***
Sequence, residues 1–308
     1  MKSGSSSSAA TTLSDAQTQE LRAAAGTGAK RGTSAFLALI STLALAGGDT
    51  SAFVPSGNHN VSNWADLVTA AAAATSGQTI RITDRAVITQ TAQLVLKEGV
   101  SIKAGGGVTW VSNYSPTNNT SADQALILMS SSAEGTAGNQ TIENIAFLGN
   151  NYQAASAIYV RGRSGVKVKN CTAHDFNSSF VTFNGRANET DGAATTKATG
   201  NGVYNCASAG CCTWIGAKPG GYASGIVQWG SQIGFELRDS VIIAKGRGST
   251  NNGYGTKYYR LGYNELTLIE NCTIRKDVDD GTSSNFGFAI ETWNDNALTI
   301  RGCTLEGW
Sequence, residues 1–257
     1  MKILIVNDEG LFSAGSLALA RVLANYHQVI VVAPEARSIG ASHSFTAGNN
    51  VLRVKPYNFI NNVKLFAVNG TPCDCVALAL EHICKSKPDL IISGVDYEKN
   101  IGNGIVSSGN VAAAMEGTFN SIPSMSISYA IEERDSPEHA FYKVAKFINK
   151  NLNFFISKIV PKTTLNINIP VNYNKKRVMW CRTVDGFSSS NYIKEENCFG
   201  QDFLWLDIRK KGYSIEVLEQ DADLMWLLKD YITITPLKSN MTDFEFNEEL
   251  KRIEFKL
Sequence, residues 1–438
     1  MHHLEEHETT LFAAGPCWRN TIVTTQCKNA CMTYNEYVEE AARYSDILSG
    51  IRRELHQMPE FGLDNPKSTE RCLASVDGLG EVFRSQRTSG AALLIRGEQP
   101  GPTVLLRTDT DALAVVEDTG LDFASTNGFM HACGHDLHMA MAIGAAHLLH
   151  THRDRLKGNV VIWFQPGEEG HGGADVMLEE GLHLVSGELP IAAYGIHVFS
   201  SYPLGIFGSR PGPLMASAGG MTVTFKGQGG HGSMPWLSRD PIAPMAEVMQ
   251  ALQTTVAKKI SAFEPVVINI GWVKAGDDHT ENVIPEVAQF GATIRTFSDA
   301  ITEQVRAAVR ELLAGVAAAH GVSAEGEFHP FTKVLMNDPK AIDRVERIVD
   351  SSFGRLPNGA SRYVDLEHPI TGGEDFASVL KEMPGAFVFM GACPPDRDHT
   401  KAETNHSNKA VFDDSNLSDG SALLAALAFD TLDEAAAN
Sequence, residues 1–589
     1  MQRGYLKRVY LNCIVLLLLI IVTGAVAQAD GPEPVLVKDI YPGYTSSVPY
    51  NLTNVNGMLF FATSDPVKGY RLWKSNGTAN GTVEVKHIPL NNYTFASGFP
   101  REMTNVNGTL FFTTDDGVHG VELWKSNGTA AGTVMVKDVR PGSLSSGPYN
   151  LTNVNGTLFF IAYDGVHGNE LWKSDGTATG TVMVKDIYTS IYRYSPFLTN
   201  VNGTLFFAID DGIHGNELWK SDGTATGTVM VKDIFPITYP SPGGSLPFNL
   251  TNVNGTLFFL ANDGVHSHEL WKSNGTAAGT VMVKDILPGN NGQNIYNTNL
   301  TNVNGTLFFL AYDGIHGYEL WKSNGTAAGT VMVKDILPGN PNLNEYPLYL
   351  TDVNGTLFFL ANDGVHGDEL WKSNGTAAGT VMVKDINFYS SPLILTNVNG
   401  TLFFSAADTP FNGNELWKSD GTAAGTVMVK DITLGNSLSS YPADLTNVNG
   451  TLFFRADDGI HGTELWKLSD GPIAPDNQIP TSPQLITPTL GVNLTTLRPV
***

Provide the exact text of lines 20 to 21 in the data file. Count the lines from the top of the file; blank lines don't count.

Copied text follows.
   151  THRDRLKGNV VIWFQPGEEG HGGADVMLEE GLHLVSGELP IAAYGIHVFS
   201  SYPLGIFGSR PGPLMASAGG MTVTFKGQGG HGSMPWLSRD PIAPMAEVMQ